Biomedical Engineering Reference
Box 11 is simple: changes you have made to reduce risk may have a knock-on effect. You
may have inadvertently introduced new risks. This box forces you to look at that outcome.
Once you have completed a form for each hazard you will need to produce a risk analysis
report, one that contains each and every completed FMCA table - and you will have many.
These individual forms are collated and together they define whether your device has any
residual risk that is not acceptable. The front page of this report summarizes this statement,
but someone competent must sign it of and the “sign off” must contain a statement confirming
that the clinical benefits of the device outweigh any risks due to its use.
9.3 Criteria-Based Evaluation
It is very important to recognize that a full evaluation of your design is mandatory in both
EC legislated countries and under the FDA. Furthermore it should be recognized that many
issues highlighted in the risk analysis, described previously, cannot be addressed without
performing some form of evaluation on the device itself. The recent version of the European
Medical Devices Directive has made a clinical evaluation mandatory, see MedDev 12.2/6 for
more information (EC, 2010). The FDA has guidance in their “Control of Design” guidelines
for manufacturers ( FDA, 1997 ). In all cases you have an obligation to show that your device
meets both your design inputs and the requirements to be called a medical device. Just
performing a controlled design process without this final stage is not enough. Furthermore,
CASE STUDY 9.3
During the manufacture of a hypodermic syringe it was identified that some material may have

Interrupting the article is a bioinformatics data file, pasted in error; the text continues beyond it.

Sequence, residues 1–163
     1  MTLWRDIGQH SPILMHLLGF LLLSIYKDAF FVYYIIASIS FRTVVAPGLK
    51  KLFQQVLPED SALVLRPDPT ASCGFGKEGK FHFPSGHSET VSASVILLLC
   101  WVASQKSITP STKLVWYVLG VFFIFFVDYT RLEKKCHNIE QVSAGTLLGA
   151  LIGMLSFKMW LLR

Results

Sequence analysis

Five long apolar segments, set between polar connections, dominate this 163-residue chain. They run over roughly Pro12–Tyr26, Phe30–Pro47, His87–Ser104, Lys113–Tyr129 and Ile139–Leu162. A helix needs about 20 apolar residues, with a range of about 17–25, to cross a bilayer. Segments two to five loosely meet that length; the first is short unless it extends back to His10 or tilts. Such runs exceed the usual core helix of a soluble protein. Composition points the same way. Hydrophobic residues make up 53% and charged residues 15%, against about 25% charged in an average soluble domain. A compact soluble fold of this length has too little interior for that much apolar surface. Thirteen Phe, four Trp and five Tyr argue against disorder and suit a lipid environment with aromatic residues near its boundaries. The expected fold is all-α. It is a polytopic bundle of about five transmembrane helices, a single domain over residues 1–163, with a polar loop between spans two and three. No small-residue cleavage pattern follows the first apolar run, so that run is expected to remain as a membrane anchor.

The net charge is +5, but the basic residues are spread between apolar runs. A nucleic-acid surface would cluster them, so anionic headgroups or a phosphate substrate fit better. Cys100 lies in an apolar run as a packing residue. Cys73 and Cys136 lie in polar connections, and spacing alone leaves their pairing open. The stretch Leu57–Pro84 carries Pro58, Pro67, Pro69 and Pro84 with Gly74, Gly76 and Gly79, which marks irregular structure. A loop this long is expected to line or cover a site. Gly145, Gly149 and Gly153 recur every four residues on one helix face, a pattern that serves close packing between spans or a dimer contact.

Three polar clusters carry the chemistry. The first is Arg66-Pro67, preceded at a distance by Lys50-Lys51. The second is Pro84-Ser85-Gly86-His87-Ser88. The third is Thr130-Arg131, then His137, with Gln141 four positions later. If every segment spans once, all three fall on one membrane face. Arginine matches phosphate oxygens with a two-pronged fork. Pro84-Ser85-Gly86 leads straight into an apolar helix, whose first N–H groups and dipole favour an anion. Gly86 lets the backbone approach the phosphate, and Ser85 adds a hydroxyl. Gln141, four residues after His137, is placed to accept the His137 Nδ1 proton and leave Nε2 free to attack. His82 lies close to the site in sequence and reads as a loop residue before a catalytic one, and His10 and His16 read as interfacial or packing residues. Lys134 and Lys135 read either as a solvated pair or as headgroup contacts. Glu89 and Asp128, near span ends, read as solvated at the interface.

originated from a warehouse in Japan. Assess the risk of this potential hazard.
Any FDA registered organization would have received an official letter from the FDA in 2011.
This letter requested that the organization check that no materials had been sourced from
Japan; this letter was specifically concerned with the nuclear reactor failure that followed the
2011 tsunami and hence potential radioactive contamination of any materials.
What is the potential hazard?
From Annex C, though this is debatable, the potential issue is 2.4.3:
2.4 What materials or components are utilized in the medical device or are used with, or are in contact
with, the medical device? Factors that should be considered include:
2.4.3. Whether characteristics relevant to safety are known
From Table 9.2 the hazard is clearly ionizing radiation. The effect is injury to the patient, to the
end-user, and possibly to the environment. Hence there are two potential effects:
1. Injury to the patient and/or end-user.
2. Contamination of the storage environment, which in turn can lead to injury to the end-user(s).